Whether you're a seasoned pro or just getting started, it's important to have a solid understanding of the terminology used in the world of digital marketing. After all, it's hard to track your marketing efforts and tell whether or not they’re effective if you’re not familiar with the jargon used.
We’ve put together this handy glossary of some of our most commonly-used marketing terms to help you keep up with the vocabulary and stay ahead of the game.
The backend of a website is the programming and database side of it which allows for its main functions. It is responsible for all the data handling, server-side scripting that powers both the front-end design and the content displayed to users.
A CMS, or content management system, is a software application that enables you to create and manage digital content. One very common CMS is WordPress.
A website domain is the unique address of a website, which enables users to access its content and services. It consists of a protocol (e.g. HTTP or HTTPS), followed by a domain name (such as example.com), and may also include a subdomain (e.g. blog.example.com). Together, these elements form the website domain, which is used to access a website.
The frontend of a website is the visible and interactive part of a website.
Website hosting is the process of storing, managing, and serving web content on the internet. It involves providing space for websites on a server, managing all technical aspects of running a website (including security, maintenance, and backups), as well as providing access to the website for visitors.
An abandoned cart series is an email marketing strategy that helps to re-engage customers who have added items to their online shopping cart but have not yet completed the checkout process. It typically involves a sequence of emails, sent after a certain period of time, in an attempt to remind the customer about their incomplete purchase and persuade them to complete the transaction.
Email drip campaigns are automated marketing emails that are sent out to a targeted list of recipients on a predetermined schedule. Using email drip campaigns, businesses can send personalized messages to their customers or prospects at the right time in order to nurture relationships and drive sales.
Email open rate is the percentage of emails that are opened out of a given total number of emails sent. It can be used to measure the effectiveness of an email marketing campaign and inform future decisions in order to optimize engagement. The higher the open rate, the better the results.
An email welcome series is an automated set of emails sent to subscribers who have recently opted in to a mailing list. The primary goal of the series is to welcome and introduce new contacts to your brand and establish a relationship with them.
CPC stands for cost-per-click, and is a metric used in digital marketing to measure the amount of money spent on an ad campaign divided by the number of clicks generated by that campaign. CPC allows you to understand how much you’re spending on each click your ad receives. This information can help you make decisions about where to allocate your budget in order to generate the most leads or sales.
CPM stands for cost per thousand impressions. It’s a metric used to measure the effectiveness and affordability of digital advertising, and gives you an idea of how many potential customers you can reach given your budget.
CTR stands for Click-Through Rate and is a metric used in digital marketing to measure the success of an advertisement or an email campaign. It is typically expressed as a percentage, and is calculated by dividing the number of clicks that an ad receives by the number of impressions it gets. For example, if an ad got 100 total impressions but only 10 clicks, its CTR would be 10%.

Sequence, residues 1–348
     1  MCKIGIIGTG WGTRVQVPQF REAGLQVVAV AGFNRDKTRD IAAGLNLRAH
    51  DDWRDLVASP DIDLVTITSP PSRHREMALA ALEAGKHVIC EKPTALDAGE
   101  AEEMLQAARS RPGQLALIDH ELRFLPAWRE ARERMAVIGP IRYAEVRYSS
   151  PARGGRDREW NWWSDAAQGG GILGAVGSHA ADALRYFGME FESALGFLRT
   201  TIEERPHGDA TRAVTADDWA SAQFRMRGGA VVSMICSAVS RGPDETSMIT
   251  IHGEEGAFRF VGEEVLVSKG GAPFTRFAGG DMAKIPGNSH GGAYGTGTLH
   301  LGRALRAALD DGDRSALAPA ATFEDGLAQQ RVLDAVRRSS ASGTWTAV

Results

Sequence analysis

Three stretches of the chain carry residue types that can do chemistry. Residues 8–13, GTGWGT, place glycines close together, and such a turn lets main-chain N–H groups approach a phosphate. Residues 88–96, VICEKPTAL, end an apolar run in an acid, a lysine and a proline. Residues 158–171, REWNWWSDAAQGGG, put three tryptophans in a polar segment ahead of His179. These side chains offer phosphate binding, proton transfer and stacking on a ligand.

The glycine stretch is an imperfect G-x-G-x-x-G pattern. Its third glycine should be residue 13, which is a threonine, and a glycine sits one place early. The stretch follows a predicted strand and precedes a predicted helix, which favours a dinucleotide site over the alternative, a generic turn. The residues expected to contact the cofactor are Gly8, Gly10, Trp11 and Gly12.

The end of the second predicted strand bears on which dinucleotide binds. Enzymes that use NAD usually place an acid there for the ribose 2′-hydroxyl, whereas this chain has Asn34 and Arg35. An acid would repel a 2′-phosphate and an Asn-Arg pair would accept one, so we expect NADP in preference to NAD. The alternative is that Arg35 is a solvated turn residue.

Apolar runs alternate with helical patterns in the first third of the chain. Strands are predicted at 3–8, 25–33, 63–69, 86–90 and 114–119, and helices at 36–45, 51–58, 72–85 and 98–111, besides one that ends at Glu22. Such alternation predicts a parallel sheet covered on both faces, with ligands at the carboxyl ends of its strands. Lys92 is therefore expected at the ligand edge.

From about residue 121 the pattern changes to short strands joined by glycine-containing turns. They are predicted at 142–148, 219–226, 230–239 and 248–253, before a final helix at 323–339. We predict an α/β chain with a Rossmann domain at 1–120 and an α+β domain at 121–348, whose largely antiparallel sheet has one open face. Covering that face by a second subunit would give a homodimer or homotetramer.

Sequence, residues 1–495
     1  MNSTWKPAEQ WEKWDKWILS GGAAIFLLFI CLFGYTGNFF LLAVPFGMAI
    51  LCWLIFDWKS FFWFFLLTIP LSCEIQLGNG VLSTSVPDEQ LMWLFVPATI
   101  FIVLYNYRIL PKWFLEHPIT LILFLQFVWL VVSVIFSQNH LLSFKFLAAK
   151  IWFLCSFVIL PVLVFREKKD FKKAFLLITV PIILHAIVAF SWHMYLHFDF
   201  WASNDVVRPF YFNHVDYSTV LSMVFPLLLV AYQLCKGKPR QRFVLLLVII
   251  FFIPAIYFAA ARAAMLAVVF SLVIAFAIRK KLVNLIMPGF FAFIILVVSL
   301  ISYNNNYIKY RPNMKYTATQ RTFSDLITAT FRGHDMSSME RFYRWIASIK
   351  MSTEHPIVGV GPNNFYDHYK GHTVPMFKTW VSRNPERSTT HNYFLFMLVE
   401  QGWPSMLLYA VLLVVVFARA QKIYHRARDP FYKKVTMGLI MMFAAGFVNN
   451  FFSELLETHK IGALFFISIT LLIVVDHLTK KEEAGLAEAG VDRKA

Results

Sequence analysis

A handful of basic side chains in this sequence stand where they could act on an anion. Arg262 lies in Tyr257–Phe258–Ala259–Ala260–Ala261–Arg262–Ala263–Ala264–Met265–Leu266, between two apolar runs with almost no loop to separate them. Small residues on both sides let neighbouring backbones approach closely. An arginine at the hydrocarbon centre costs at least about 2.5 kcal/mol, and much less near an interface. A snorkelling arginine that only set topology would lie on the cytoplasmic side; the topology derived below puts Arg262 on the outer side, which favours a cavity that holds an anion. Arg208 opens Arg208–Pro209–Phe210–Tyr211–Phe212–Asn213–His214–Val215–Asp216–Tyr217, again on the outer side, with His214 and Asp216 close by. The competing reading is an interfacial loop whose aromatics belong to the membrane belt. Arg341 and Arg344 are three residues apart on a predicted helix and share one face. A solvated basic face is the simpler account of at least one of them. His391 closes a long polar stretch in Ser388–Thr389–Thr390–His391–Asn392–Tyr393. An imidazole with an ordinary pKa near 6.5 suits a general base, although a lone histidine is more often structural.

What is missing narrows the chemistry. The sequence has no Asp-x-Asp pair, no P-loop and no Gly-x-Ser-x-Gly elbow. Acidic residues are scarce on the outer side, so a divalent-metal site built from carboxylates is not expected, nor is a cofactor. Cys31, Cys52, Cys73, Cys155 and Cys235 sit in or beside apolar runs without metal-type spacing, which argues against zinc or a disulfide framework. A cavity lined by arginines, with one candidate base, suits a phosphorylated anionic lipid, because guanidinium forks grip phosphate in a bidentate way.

A GCLID (Google Click Identifier) is a unique identifier assigned to each ad click that enables Google Ads to track conversions and attribute them to the correct campaign and ad. This identifier is passed through the URL when a user clicks on an ad, allowing Google Ads to accurately associate conversions with the ads from which they originated. The information associated with a GCLID can also be used to inform decisions about how to optimize campaigns for better performance.
Google Tag Manager (GTM) is a free service offered by Google that enables users to manage and deploy website tags, including analytics and marketing tags, quickly and easily. The platform allows users to create, edit, and manage tags from a single interface. GTM simplifies the process of adding code snippets to websites, allowing marketers to easily deploy changes to their website with just a few clicks.
Organic social is the process of reaching an audience using natural, unpaid methods. It relies on content that is shared organically through social networks. Organic social media techniques include producing valuable content that users naturally share with their friends and followers, creating meaningful relationships with influencers and customers, and optimizing posts for maximum visibility.
Performance Max is a type of campaign that allows you to use all of the Google Ads inventory in one campaign. It’s in place to help you convert more customers using the following Google channels: YouTube, Display, Search, Discover, Gmail, and Maps.
A Facebook Pixel is an analytics tool that allows businesses to measure the effectiveness of their advertising by understanding the actions people take on their website. It works by placing a piece of code, known as a “pixel,” on a website or web page. This code is used to track visitors and gather data about their activities, such as how they interact with different pages on the site. The pixel helps you measure and build audiences for your ad campaigns.
ROAS (return on ad spend) is a formula that calculates how much revenue you generate for every dollar you spend on advertising. This metric is essential for measuring the effectiveness of your marketing campaigns.